The media coverage of the BP oil disaster to date has focused largely on the threats to wildlife, but the latest evaluation of air monitoring data shows a serious threat to human health from airborne chemicals emitted by the ongoing deepwater gusher.
Today the Louisiana Environmental Action Network released its analysis of air monitoring test results by the Environmental Protection Agency. The EPA's air testing data comes from Venice, a coastal community 75 miles south of New Orleans in Louisiana's Plaquemines Parish.
The findings show that levels of airborne chemicals have far exceeded state standards and what's considered safe for human exposure.
For instance, hydrogen sulfide has been detected at concentrations more than 100 times greater than the level known to cause physical reactions in people. Among the health effects of hydrogen sulfide exposure are eye and respiratory irritation as well as nausea, dizziness, confusion and headache.
The concentration threshold for people to experience physical symptoms from hydrogen sulfide is about 5 to 10 parts per billion. But as recently as last Thursday, the EPA measured levels at 1,000 ppb. The highest levels of airborne hydrogen sulfide measured so far were on May 3, at 1,192 ppb.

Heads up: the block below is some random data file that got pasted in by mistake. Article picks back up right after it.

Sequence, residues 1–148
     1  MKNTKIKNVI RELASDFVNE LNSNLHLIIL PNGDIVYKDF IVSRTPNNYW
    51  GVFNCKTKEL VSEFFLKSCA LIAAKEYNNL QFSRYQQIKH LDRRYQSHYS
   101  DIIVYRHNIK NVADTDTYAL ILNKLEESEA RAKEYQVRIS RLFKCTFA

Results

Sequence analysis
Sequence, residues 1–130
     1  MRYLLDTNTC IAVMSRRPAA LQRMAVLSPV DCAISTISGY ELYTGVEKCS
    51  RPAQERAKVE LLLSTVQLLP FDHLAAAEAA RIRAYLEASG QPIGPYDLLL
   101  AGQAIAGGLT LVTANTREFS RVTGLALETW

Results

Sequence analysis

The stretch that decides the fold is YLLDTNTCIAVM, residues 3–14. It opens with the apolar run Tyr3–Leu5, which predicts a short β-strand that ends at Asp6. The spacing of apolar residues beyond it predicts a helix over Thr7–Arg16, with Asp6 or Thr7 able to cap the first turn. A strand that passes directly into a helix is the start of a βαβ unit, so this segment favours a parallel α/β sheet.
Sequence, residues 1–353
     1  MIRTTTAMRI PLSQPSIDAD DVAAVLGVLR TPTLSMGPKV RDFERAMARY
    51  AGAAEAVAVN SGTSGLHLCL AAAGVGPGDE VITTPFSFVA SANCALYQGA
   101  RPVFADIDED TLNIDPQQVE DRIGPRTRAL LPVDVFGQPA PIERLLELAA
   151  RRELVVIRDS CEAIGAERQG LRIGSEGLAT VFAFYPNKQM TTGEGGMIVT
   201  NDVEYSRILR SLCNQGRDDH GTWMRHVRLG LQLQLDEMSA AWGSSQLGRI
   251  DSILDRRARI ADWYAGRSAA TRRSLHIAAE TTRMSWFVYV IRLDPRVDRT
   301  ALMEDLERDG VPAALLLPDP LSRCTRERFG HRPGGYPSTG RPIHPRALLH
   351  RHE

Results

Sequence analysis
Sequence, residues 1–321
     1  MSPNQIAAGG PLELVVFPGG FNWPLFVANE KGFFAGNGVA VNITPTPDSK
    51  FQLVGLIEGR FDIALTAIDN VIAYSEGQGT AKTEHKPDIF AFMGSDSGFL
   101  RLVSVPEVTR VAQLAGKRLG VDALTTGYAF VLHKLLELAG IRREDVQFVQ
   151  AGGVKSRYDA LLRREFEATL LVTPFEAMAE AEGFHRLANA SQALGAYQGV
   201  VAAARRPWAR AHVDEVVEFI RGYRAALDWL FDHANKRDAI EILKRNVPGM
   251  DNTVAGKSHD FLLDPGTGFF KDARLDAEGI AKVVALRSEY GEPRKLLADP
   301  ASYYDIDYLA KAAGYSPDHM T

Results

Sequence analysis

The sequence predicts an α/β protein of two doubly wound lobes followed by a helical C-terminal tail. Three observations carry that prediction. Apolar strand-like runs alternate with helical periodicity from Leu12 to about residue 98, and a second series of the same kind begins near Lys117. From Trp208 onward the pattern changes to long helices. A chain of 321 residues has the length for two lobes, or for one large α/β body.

Testing data also shows levels of volatile organic chemicals that far exceed Louisiana's own ambient air standards. VOCs cause acute physical health symptoms including eye, skin and respiratory irritation as well as headaches, dizziness, weakness, nausea and confusion.
Louisiana's ambient air standard for the VOC benzene, for example, is 3.76 ppb, while its standard for methylene chloride is 61.25 ppb. Long-term exposure to airborne benzene has been linked to cancer, while the EPA considers methylene chloride a probable carcinogen.
Air testing results show VOC concentrations far above these state standards. On May 6, for example, the EPA measured VOCs at levels of 483 ppb. The highest levels detected to date were on April 30, at 3,084 ppb, following by May 2, at 3,416 ppb.
Here's a chart based on the data from LEAN's analysis, which was done by award-winning analytical chemist Wilma Subra: